Toyota gives $5bn loss warning

World's biggest car manufacturer to declare worst annual results in its 70-year history.

    Toyota ousted General Motors for the top spot in global vehicle sales last year [Reuters]

    It released its latest earnings data after the close of Friday's trade on the Tokyo stock market.

    Sharp downturn

    For the year to March, Toyota officials said they are now predicting a loss of 450bn yen ($4.95bn), a sharp downturn from the 150bn yen loss forecast in December.

    Toyota's operating profit stood at 2.27 trillion yen ($24.98bn) a year earlier, but it is now struggling to cut production after years of building new plants to keep up with demand.

    Like other Japanese car manufacturers, Toyota has been hit hard by the twin effects of the global slump set off by the US financial crisis combined with the rising value of the yen which has reduced overseas earnings.

    Toyota shares have lost about half their value over the last year amid a plunge on the Tokyo stock market.

    Plunging sales

    Toyota replaced General Motors Corp for the first time in global vehicle sales, a position the American company had held for 77 years.

    General Motors posted an 11 per cent drop in sales for the year, while Toyota sales fell four per cent.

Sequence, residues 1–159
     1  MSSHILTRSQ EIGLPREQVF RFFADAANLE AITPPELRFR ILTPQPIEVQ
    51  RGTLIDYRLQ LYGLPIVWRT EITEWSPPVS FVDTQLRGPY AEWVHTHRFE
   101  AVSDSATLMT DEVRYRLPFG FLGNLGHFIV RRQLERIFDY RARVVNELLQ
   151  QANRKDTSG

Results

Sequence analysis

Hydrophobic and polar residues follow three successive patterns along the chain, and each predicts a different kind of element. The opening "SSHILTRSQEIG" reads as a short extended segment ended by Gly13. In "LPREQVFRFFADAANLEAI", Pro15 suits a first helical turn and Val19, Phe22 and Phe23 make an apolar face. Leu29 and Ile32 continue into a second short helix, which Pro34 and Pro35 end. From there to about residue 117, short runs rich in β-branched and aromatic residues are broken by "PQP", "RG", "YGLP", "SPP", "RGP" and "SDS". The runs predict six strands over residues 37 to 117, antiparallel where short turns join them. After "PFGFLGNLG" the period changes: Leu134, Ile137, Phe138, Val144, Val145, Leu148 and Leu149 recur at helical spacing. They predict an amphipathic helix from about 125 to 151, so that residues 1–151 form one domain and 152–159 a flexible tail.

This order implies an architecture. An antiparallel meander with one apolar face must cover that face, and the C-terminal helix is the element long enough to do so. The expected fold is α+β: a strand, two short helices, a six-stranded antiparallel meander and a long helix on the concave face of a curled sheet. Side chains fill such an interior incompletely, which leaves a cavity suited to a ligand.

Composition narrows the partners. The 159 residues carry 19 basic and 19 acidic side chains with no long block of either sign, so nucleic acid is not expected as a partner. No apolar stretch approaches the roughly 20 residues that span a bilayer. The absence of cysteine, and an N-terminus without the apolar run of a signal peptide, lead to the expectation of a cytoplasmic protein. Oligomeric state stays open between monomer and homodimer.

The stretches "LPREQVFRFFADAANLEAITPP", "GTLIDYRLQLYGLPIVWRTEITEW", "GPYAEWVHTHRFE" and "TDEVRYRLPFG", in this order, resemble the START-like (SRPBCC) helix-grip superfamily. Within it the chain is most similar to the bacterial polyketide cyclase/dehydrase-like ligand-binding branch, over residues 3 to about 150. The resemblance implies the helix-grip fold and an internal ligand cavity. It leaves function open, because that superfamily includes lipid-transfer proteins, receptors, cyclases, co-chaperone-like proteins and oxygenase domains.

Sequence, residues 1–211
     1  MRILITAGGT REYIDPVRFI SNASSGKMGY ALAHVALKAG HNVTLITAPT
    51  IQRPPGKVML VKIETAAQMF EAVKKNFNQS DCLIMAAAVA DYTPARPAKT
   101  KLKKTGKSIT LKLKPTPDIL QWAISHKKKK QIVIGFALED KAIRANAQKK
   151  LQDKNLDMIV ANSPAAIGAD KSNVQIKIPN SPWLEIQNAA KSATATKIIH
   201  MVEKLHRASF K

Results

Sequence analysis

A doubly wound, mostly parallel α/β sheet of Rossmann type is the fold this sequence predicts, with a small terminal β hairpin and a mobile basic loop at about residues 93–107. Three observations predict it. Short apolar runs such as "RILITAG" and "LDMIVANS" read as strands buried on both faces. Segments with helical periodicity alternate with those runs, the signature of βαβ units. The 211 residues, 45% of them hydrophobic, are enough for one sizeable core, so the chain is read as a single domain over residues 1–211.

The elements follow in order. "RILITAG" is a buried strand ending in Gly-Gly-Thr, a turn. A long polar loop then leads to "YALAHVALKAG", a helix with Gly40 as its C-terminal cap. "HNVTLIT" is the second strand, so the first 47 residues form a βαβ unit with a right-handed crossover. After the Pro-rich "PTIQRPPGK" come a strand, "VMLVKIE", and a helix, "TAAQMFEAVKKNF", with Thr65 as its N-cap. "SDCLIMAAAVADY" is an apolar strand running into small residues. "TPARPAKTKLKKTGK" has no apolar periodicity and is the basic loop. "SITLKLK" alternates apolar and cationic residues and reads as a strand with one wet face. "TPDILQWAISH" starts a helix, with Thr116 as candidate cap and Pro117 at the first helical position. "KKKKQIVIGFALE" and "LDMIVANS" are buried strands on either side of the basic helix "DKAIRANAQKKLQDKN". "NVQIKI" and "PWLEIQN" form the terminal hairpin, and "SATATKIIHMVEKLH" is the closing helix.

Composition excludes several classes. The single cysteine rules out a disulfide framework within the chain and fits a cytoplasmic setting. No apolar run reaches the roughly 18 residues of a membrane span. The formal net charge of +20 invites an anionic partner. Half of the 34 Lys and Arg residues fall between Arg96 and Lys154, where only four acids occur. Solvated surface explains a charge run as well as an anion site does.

Toyota has moved to cut production to match slumping car sales worldwide [EPA]

    Car manufactuers around the world are enduring one of the worst periods in the history of the industry.

    Consumers are shunning showrooms asd the fallout from the credit crunch and increasing job cuts takes its toll.

    In anticipating the projected loss, Moody's Investors gave Toyota a negative rating outlook, saying the downgrade was "driven by the significantly impaired state of profitability".

    Since its previous forecast in December, Toyota has announced additional reductions in production plans, but analysts say even those may not go far enough.

    "The drop in global demand is growing more serious," Shinya Naruse, auto analyst with Nomura Securities in Tokyo, said.

    "It's difficult to see when things are going to bottom out, and that's why there's no end yet to the rounds of production adjustments."

    SOURCE: Agencies


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